Nutritional requirement for special groups
Some people in the home may have special problems.
They therefore may need special when it comes to the diet or meals.
Such groups, for example,
- pregnant and lactating mothers need special diets.
Pregnant mothers are a special group since they carry offsprings in their wombs.
Pregnant mothers need to eat food that caters for two: the child in the womb and herself.
Nutritional requirements for a pregnant mother
- Lots of proteins to build body parts of the unborn child and for growth and repair of mother’s tissues for example the womb.
- An expectant mother should take at least half a litre of milk everyday
- Lots of carbohydrate to give energy for movement and for working of body parts because she is heavier than usual.
- However, too much carbohydrates are dangerous because she might become overweight and suffer from obesity which may complicate birth.
Carbohydrates are also needed for the energy of the child who needs to move and turn in the womb
- A pregnant mother also needs fresh fruits and vegetables to provide minerals and vitamins for both the baby and herself to keep away diseases.
- Pregnant mother needs iron for making the child’s blood.
- Foods rich in calcium such as milk and eggs are important for forming teeth and bones in the growing baby.
- The diet of the pregnant mother should be served with plenty of drinking water and fresh fruit juices.She should take at least two litres of liquids per day.
A lactating mother is a breast feeding mother.
She needs a special diet to cater for her needs and to her help produce sufficient breast milk to feed and satisfy the new born baby who fully relies on breast milk.
Nutritional requirements for a lactating mother
They need a diet with :
- Proteins, especially milk which will help her to make milk for breast feeding the child. Proteins assist her to make colostrum (the first milk produced by a mother after birth), which the child gets from the milk. Colostrum help to protect the child from diseases. Proteins help the mother to build and repair tissues that were affected by pregnancy and birth.
- Fats and carbohydrates: the lactating mother needs a diet with carbohydrates to provide energy for her to breast feed the baby, move around and for the body to do its normal functions.
Nutrition for infants
An infant is a child between birth and two years.
Such a child is not able to feed on the normal family meal because the digestive system is not developed enough to cope.
The infant may also have no teeth.
Nutritional requirements for an infant
- Breast milk is the best food for an infant since it forms a whole meal.
- Milk is a balanced diet as it contains proteins, carbohydrates, fats, minerals and vitamins.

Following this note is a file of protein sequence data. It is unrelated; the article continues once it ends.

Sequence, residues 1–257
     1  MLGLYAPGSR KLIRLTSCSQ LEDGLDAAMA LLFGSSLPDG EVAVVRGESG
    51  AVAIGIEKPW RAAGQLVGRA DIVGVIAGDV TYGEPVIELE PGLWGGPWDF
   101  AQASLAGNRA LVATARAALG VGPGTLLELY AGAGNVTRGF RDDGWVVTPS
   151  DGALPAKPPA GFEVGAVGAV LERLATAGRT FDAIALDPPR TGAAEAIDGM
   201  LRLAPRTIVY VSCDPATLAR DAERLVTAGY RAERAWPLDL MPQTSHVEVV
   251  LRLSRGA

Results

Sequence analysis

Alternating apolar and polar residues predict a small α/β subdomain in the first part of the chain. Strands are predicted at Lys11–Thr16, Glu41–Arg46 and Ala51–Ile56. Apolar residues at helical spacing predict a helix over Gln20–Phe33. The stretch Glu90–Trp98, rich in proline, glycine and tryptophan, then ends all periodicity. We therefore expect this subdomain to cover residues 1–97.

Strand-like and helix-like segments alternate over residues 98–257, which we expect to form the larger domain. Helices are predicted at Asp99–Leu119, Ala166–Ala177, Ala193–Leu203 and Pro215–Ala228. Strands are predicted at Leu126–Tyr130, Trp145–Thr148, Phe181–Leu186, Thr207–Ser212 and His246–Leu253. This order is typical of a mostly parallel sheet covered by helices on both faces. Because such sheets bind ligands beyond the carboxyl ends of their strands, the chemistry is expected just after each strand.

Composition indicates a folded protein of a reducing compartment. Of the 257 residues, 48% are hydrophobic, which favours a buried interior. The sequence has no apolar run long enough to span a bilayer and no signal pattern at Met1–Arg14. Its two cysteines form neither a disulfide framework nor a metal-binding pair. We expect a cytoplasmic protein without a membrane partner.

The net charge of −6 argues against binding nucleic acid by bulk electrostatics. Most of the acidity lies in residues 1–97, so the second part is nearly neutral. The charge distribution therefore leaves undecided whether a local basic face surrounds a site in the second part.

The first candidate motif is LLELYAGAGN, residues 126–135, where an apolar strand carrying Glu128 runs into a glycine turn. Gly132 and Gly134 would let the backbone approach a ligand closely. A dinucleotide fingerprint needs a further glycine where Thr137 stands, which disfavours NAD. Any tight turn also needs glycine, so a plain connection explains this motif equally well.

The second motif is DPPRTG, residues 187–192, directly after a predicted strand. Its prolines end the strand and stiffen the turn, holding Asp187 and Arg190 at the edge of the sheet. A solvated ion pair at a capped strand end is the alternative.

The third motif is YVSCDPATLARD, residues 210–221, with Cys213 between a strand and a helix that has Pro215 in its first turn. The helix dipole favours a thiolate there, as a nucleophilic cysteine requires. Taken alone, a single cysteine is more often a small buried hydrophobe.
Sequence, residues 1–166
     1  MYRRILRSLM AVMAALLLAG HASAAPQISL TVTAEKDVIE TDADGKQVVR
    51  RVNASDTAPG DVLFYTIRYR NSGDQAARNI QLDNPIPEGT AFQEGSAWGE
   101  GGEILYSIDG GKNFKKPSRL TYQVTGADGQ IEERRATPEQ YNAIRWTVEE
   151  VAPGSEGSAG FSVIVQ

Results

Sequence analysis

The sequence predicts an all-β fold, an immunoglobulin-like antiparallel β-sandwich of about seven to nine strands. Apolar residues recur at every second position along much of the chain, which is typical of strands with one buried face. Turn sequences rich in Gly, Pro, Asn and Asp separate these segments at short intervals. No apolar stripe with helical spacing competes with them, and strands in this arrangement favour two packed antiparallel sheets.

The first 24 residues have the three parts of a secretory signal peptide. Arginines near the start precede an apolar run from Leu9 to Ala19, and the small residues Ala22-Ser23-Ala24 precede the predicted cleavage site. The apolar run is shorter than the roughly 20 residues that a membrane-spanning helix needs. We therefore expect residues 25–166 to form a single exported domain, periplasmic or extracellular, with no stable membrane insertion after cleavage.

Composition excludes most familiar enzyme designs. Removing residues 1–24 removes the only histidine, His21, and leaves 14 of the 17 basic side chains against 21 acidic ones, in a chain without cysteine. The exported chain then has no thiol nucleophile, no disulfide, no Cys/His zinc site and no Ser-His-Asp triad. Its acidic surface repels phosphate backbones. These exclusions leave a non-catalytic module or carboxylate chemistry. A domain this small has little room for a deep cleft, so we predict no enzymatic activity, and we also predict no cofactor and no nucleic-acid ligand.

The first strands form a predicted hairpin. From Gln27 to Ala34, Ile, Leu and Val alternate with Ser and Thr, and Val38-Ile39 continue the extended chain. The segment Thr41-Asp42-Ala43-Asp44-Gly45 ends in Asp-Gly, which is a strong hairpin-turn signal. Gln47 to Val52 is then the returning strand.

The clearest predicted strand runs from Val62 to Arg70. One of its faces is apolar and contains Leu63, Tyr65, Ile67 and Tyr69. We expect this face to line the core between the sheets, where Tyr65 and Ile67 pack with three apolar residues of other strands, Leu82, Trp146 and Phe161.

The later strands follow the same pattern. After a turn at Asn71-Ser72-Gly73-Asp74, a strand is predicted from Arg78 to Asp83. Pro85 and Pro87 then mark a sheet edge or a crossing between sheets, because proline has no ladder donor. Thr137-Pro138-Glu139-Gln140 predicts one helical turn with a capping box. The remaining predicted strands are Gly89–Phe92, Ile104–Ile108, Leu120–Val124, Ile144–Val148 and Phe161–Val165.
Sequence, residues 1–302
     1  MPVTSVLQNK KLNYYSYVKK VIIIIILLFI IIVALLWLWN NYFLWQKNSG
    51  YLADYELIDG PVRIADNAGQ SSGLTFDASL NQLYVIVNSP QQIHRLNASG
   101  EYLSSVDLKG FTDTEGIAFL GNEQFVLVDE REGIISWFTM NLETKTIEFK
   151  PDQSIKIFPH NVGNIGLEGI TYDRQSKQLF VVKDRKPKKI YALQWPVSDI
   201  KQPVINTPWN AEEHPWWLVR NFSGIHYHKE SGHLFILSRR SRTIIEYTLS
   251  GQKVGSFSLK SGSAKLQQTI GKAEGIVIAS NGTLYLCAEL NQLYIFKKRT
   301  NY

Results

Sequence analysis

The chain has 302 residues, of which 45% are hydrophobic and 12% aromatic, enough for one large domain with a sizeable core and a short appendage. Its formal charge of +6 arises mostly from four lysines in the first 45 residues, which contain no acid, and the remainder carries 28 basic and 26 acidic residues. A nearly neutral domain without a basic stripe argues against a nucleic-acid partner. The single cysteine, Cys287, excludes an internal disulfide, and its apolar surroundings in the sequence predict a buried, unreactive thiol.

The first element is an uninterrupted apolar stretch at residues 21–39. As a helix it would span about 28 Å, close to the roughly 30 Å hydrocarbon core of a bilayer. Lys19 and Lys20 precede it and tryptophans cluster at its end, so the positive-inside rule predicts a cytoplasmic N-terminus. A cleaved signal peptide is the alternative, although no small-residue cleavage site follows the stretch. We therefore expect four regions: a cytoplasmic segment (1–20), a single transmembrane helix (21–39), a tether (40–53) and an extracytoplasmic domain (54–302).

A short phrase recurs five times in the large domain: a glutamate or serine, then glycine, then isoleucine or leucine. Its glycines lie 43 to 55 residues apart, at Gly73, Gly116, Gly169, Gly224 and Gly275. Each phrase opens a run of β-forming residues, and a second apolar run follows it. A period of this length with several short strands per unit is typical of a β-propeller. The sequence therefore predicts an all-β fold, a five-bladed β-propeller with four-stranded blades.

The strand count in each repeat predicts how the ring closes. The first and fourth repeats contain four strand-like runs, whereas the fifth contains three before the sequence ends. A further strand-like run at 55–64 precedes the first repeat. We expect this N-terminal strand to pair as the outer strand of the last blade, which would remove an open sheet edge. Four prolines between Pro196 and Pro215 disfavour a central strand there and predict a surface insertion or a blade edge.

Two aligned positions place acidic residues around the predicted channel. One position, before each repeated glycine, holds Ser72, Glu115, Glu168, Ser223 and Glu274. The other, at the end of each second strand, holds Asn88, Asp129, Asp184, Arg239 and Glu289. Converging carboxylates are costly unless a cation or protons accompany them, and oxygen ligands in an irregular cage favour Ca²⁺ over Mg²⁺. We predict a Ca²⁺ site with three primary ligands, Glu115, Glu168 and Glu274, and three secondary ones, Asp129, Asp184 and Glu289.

- It also has lots of water, which the infant needs.
- In the first stages of breast feeding, colostrum produced by the mother help to fight diseases like measles from the child.
- Breast milk is highly digestible, ever ready and at the right temperature and does not cost much.
- Once in a while the baby should be given fresh fruit juices to provide minerals and vitamins to supplement those in breast milk.
- As the baby grows, cow’s milk and solid food such as porridge can be introduced a little at a time.
- These provide more proteins for body building and growth, and carbohydrates for energy, movement and body functions.
- They need proteins for body building and repair because they need more cells to grow.
Nutrition for people with HIV and AIDS
HIV/AIDS is a terminal disease that has no cure.
A person with HIV/AIDS needs to feed well in order for the body to have sufficient nutrients to be able to maintain its health.
Nutritional requirements for a person with HIV/AIDS
- A diet of protective foods to provide minerals and vitamins to fight disease germs.
- If the patient has wounds or sores in the mouth, the person should feed on liquid food.Solid food for example ugali or rice may be made liquid by mixing with milk.
- It is essential that the HIV/AIDS patient exercises and goes to visit a doctor.
- The patient therefore needs energy. The body must also perform its normal functions such as breathing, heartbeat, blood circulation and other muscle movements. All these need energy.The patient should therefore be given a diet containing carbohydrates and fats.
- If the patient is suffering from diarrhoea, there is need to take more fluids, like clean water and fresh fruit juices. At least two litres per day should be taken by the patient to avoid dehydration.
- When a person is having diarrhoea, the body loses minerals. It is therefore important that the patient takes the oral rehydration salts (ORS), which is made by dissolving one packet of the commercially acquired ORS packet in one litre of water.
- The patient then takes one glass every time after passing watery stool.
- In the absence of ORS the patient can make salt sugar solution (SSS), which is made by dissolving one teaspoonful of salt and eight tea spoonfuls of sugar in a litre of water.
- The patient should take one glass of this solution every time after having diarrhoea or passing watery stool.